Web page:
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Discrimination Against Maori & Pacific Kids In NZ

Easy Steps To Reduce Discrimination Against New Zealand Children – Why Haven’t They Been Taken?

Save the Children publishes a report into discrimination against Maori and Pacific Island children in New Zealand

An independent report, examining discrimination and difference amongst children in New Zealand, concludes that Maori and Pacific Island children are ‘discriminated against in a very real way’, and calls on the New Zealand government to reform statute law to reduce outcome differences.

The report Children’s Rights: Equal Rights is released today by Save the Children, on the anniversary of the adoption of the UN Convention of the Rights of the Child (CRC) by 189 countries, the most widely ratified treaty ever. The New Zealand government signed the report in 1993, with three reservations relating to: child labour, immigration status and the detention of juveniles and adults in the same institution.

Save the Children calls for:
 the government to incorporate the CRC into statute law,
 the establishment of an independent body to monitor the compliance of current and new legislation with the CRC
 the Statistics Department to produce disaggregated statistics on children which would enable the level of poverty in New Zealand to be measured against that in other OECD (the Organisation for Economic Co-operation and Development) countries.
 the government to fund an alternative, aid agency report on New Zealand’s compliance with the CRC

“At a time when concern for children’s issues and for their future has never been higher, it is a national embarrassment for New Zealand to be dragging its heels on this universally accepted treaty,” said Save the Children’s executive director John Bowis.

“Embracing the principles of the UN Convention would make a strong statement about how we value our children. It makes a commitment to children, and is a fundamental step in reducing the disparity in futures which is the realty for New Zealand children.”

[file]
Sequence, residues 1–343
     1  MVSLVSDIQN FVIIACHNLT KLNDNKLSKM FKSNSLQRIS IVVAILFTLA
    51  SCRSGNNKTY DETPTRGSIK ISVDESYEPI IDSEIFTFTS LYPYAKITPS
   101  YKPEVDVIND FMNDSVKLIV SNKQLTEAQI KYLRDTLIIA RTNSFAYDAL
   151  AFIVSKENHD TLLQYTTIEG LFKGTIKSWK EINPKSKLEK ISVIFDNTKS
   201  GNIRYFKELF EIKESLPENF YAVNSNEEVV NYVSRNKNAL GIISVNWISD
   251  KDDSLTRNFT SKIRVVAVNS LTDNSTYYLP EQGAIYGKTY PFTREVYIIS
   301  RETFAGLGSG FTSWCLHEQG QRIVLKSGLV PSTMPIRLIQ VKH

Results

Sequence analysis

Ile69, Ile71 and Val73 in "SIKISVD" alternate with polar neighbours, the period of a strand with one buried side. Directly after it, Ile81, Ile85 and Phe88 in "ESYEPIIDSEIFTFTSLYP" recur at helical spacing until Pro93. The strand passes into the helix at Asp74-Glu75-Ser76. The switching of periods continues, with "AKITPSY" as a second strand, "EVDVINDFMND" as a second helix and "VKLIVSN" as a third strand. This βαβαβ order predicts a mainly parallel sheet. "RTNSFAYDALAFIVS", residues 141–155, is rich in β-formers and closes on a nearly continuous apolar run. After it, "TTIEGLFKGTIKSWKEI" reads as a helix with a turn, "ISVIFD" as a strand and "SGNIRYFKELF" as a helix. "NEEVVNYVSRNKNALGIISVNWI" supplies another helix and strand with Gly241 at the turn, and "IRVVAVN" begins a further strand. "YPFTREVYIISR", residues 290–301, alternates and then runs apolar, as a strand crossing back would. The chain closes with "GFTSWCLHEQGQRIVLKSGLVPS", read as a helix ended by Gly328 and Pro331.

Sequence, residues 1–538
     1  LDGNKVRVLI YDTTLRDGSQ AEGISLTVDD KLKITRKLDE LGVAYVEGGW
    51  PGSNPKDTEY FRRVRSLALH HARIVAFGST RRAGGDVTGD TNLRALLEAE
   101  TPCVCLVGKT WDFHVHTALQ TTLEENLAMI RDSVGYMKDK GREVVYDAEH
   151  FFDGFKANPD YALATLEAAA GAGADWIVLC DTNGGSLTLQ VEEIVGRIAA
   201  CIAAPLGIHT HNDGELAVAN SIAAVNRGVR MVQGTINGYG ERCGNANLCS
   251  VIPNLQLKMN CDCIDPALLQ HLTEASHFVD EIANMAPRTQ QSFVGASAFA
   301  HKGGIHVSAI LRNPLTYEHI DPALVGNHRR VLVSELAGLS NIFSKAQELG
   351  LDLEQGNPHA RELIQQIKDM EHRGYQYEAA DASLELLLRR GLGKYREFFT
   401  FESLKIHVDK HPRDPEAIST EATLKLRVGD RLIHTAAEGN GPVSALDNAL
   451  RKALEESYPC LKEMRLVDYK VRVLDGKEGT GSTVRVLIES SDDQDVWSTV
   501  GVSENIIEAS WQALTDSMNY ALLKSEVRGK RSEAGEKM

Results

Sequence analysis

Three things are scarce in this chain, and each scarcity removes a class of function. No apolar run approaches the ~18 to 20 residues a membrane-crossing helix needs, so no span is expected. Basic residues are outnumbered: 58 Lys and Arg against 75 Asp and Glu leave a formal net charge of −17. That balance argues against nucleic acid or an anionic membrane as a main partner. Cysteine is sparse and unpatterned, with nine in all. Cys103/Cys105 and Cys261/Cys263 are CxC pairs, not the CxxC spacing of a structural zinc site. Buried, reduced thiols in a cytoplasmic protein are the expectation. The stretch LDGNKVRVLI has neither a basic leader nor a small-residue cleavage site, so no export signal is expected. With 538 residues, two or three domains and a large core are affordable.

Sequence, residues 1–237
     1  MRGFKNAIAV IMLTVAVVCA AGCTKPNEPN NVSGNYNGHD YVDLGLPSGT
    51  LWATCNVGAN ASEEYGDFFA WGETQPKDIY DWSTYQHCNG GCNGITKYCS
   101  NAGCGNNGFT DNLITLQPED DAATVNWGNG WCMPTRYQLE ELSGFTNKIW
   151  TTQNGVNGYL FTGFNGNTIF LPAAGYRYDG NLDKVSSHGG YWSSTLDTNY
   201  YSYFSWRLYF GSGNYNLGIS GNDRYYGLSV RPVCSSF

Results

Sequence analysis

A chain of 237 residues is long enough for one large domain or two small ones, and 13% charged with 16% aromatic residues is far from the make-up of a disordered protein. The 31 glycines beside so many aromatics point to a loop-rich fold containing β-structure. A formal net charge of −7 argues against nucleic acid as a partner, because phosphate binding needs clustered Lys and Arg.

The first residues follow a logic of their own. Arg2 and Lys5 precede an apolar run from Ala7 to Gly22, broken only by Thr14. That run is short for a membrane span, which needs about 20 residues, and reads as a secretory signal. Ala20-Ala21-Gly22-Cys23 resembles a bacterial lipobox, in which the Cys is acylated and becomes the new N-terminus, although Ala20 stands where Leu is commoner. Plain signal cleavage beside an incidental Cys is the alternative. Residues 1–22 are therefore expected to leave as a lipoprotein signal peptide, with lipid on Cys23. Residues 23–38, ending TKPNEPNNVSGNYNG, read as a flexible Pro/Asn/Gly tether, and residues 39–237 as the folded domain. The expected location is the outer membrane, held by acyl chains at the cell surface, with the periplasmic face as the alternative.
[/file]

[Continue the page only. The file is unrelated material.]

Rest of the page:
Discrimination against Maori and Pacific Island children is illustrated by the following facts noted in the report:
 Maori infants have an infant mortality rate 150 per cent higher than that of the general population
 School exclusions show a significant bias against Maori – while they make up 29 per cent of the school population, they constitute 40 to 46 per cent of students who are excluded
 45 per cent of Pacific Island children are in the lowest ten per cent of households (overall population) with the lowest income
 Household income for Maori families is $10,000 per annum less than for other families
 Youth suicide in New Zealand is already high at 22 per 100,000 but for Maori people it is more than double this at 56 per 100,000

We would like to acknowledge the work of Tamarapa Lloyd (Ngati Tuwharetoa, Ngati Turmakina and Te Arawa, Nagati Whakaue) and Robert Ludbrook who researched and drafted the report.

Save the Children’s is the largest independent movement for children. We deliver immediate and lasting improvements to children’s lives worldwide.

Ends 20 November 2000

For a copy of the report or further information please contact:


John Bowis Executive Director
Phone 04 385 6847
After-hours 04 569 6911/ 021 656 320
Fax 04 385 6793

Ashlyn Hayes Communications and Education Co-ordinator
Phone 04 381 7573
After-hours 04 385 6028/ 021 137 6694
Fax 04 385 6793

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